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The Need To Keep Margin In Our Lives (via Michael Kelly)

In a culture that encourages fear of missing out there is a price to be paid in having every cent and every moment spoken for.
As Christmas gives way to thoughts of New Year, Michael Kelley writes about the margin that God wants us to factor into our lives and why we shouldn’t reap to the edges of our fields:

We live in a margin-less world. Everything from our time to our money is pretty much spoken for. We are reaping to the end of the fields. In fact, we are going back over the fields of our lives a second and third time, looking for any spare cent or second that has not been accounted for.
This isn’t how we were meant to live. It’s certainly not how we should live if we expect the Lord to bring gospel-oriented opportunities into our lives. Living in a margin-less way is, at the root, a lack of faith in God’s character. Think about it from the perspective of the farmer: What might cause a farmer to reap everything, even the edges, instead of obeying this command of margin?
At some level, it’s fear. Fear that there wouldn’t be enough. Fear of missing some profit. Fear that at some point in the season, the family would be in need. The way you combat that fear is with faith. You believe that God is generous – that God will provide and that God will give us enough. That’s how you leave the edges unreaped.

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O Come Thou Dayspring, Come And Cheer (via Michael Kelley)

This short article on the song O Come, O Come Emmanuel by Michael Kelley has been published a couple of times on his blog and explains the biblical imagery used in the hymn that speak of longing fulfilled.

We are longing for what only Jesus can bring, just as Israel was longing for centuries for the coming of God’s chosen One who would be their deliverer.
And while Israel longed for a physical delivery, we know now that our physical deliverance from circumstantial tribulation is only a shadow of the greater deliverance we need, and therefore the greater longing that permeates every experience of our lives.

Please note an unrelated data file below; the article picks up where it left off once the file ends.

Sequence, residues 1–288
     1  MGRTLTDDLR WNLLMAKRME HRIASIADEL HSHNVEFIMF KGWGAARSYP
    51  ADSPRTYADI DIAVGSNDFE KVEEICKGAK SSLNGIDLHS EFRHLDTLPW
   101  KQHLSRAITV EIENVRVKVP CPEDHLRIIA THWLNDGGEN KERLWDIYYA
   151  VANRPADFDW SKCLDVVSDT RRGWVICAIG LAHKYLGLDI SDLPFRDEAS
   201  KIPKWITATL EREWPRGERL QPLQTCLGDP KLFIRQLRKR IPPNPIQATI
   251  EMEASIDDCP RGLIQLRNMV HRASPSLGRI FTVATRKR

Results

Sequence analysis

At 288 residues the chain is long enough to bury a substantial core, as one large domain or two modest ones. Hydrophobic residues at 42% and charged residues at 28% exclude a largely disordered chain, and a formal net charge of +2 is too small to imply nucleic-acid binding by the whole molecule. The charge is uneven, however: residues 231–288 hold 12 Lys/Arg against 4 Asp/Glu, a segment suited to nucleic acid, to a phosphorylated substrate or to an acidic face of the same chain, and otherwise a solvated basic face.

Read the whole post at Forward Progress.


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There’s Always A ‘Next’ When You’re Following Jesus (via Michael Kelley)

The maturity of disciples of Jesus shows in a consciousness that expresses humility about of how far we have to go, not pride in how far we have come.
From Michael Kelley:

We are on this road – on this walk – not because of our achievement but because of God’s grace in the gospel. And we continue on this road – on this walk – not from a sense of achievement but empowered by that same gospel. That’s why there is always a “next” when it comes to following Christ.
When we first start following Jesus, the “next” might be that we need to attack some moral impurity. Then the “next” might be the easier-to-hide sins of greed and pride. Then the “next” becomes how to live like a Christian in marriage. Then the “next” is how to die to our own preferences and desires as we seek to raise and lead our children. Next, next, next all the way until the “next” is how to die like one who follows Jesus. There is always a “next.”
But the gospel transforms this ever-present “next” of following Jesus. See, our “next” is not to merit favor. It’s not that with each “next” we think, Perhaps now at last I will at last be good enough to warrant the love of God. No, the gospel transforms our “next” in that we are growing into what we have already become.

Read the whole post at Forward>>Progress.